Alumni of the park's summer league include Mike Trout, Bryce Harper and countless other major leaguers, each of whom paid $850 for their week of Cooperstown baseball (so you can imagine how much this summer's cancellation is costing the park).
WWI: The Great War was deep into its fourth year when the 1918 season began — and a deadly virus was lurking just out of sight. The "Work or Fight" order stipulated that all draft-eligible men in non-essential jobs either begin working for the war effort or prepare to be drafted, but MLB was granted a reprieve to play until Labor Day, resulting in a shortened, but saved, season.
WWII: When the U.S. entered the fray in late 1941, MLB commissioner Kenesaw Mountain Landis sought President Roosevelt's counsel. FDR's famous response to Landis, now known as the Green Light Letter, urged him to push the season forward as planned: "I honestly feel that it would be best for the country to keep baseball going."
Pictured above: Fresh off his fourth season, including two straight top-two MVP finishes, 23-year-old Ted Williams entered active duty as a Marine pilot before the 1943 season, missing three full seasons serving his country.
Sept. 11, 2001: After the 9/11 attacks, commissioner Bud Selig immediately postponed all games that Tuesday evening, and ultimately postponed everything through the end of the week. Play resumed on Monday, but it was Friday the 21st that everyone remembers.
🎥 Highlight: The Mets hosted the Braves in New York's first game back, and Mike Piazza lifted his team, and his city, with an iconic game-winning HR in the 8th. Chills.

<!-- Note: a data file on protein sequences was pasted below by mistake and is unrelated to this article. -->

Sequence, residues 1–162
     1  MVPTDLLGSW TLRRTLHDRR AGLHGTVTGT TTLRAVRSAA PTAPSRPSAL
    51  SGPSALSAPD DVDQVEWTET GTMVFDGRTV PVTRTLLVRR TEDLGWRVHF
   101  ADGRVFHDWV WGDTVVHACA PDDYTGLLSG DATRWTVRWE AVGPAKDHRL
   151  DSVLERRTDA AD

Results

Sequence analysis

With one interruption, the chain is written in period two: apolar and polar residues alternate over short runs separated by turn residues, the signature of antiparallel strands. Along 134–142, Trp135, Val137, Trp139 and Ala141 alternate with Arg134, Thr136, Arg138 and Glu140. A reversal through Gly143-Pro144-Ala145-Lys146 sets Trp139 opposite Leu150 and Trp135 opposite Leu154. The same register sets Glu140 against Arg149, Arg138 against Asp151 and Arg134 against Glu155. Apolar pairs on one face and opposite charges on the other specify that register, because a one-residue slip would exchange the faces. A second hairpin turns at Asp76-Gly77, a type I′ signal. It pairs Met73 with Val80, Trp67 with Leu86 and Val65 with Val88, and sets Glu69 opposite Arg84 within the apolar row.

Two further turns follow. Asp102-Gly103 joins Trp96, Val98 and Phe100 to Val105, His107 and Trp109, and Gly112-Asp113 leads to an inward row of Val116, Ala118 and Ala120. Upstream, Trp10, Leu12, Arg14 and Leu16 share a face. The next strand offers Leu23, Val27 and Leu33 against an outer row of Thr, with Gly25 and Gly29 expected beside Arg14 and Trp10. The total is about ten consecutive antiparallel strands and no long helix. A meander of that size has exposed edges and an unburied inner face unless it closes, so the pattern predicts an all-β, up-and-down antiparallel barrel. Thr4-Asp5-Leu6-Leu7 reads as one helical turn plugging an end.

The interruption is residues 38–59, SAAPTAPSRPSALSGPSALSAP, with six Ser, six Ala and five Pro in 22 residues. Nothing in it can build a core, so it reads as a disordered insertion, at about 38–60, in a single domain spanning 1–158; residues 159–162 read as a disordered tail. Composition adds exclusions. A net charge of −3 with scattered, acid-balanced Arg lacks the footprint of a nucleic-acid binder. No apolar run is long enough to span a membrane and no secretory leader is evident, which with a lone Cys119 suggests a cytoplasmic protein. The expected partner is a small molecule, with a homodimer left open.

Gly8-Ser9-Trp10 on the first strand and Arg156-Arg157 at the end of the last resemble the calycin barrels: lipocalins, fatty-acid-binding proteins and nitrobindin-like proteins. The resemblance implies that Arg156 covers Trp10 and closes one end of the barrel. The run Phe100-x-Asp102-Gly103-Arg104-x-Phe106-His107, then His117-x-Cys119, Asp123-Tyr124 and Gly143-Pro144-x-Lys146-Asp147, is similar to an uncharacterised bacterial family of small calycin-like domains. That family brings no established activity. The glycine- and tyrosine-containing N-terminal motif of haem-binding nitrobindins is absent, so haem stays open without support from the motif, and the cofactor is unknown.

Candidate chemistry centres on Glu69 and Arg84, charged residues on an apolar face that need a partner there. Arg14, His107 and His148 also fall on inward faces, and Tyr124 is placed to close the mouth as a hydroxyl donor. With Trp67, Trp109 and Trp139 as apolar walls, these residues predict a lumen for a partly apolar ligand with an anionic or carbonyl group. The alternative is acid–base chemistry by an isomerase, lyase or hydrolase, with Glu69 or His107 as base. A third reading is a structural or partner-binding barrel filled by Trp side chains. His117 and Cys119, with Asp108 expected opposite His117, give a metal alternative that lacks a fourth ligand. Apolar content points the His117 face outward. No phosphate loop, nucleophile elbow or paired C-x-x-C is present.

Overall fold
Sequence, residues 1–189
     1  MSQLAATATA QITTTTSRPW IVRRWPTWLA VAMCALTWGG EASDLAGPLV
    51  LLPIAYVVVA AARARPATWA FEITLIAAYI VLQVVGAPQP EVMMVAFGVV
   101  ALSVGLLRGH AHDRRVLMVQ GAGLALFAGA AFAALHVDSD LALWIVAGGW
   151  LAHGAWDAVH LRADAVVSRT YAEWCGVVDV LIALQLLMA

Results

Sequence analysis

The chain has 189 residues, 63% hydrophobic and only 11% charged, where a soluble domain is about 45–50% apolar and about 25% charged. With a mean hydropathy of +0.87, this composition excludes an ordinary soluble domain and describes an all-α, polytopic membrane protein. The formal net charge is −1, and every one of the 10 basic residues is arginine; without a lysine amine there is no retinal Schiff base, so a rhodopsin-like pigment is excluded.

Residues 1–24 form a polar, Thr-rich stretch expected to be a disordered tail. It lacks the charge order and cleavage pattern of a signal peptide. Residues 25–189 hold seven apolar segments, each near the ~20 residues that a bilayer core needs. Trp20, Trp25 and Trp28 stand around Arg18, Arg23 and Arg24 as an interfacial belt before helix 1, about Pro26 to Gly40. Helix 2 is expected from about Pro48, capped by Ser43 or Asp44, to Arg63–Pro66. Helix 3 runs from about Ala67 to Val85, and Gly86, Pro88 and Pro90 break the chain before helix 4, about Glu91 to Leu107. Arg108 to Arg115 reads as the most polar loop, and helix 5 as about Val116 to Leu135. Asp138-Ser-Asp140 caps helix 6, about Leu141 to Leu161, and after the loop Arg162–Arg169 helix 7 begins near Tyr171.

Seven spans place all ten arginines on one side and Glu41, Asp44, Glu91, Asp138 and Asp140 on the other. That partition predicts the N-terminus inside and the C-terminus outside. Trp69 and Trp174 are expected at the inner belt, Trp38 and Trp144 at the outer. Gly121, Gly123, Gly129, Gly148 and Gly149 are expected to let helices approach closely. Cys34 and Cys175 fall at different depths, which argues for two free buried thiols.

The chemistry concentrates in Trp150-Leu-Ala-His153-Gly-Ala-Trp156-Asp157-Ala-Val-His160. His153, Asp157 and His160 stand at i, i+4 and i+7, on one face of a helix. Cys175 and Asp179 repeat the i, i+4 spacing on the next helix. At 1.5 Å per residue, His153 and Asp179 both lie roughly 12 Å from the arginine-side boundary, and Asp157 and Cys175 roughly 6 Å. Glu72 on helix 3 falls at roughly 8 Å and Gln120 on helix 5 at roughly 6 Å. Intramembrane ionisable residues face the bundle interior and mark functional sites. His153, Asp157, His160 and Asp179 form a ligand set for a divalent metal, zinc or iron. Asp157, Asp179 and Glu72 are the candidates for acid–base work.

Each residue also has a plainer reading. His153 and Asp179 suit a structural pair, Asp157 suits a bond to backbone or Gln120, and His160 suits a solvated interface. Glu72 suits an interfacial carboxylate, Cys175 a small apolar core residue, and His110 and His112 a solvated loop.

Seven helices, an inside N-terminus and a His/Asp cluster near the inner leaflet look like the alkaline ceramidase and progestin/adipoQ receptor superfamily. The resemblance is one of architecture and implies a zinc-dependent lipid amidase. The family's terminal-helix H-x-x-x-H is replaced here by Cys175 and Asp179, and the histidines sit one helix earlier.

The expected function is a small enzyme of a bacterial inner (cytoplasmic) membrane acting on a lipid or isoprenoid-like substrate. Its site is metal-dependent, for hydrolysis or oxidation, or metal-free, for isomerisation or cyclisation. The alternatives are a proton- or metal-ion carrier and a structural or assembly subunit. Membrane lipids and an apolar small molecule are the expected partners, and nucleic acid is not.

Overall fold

And here we are now ... Maybe baseball will be back this summer, maybe not. But it will return — it always has.
5. 🚇 Baseball haiku
Reader Stephen S. Power (Maplewood, N.J.) writes:
"As someone who watched more than 120 Yankee games last year, I'm struggling. To pass the time, inspired by the book 'Baseball Haiku,' I've been writing a haiku myself for each lost game."
only the Yankees
could make the subway
smell like spring
6. ❤️ Breaking the curse
Boston native Paul Smith recalls the night the Red Sox broke the Curse of the Bambino, and the moment he shared with his father, a lifelong fan who had passed away three years earlier. From HBO's "Sports in America" documentary:
"I remember the day. It was Oct. 27, 2004. I called my sons, we congratulated each other, and I just had this feeling. I said, 'I'm going to visit your grandfather.'
"I drove across town to the cemetery, figured it would be locked up, so I parked my car on the street and climbed over the stone wall.
"It's the middle of the night, and I'm walking across the cemetery, and all of a sudden, a police cruiser pulls out of the bushes practically and drives up to me.
"I'm mortified. I'm a grown man, I'm doing this silly thing. Chagrined, I say, 'I'm sorry, officer, I know I'm not supposed to be here, but this is kind of an important night. I just wanted to share a moment with my dad.'
"And he said to me, 'Are you kidding me pal? Take a look around.'
"My eyes were just getting adjusted to the darkness. Sure enough, people were walking everywhere in the cemetery. There were cars driving back and forth, up and down the lanes with their lights out.
"The officer said, 'I'm just here to make sure there's not a traffic jam. Everybody's here to share their moments with their father, their grandmother, their brother. The Red Sox won. We won it all.'"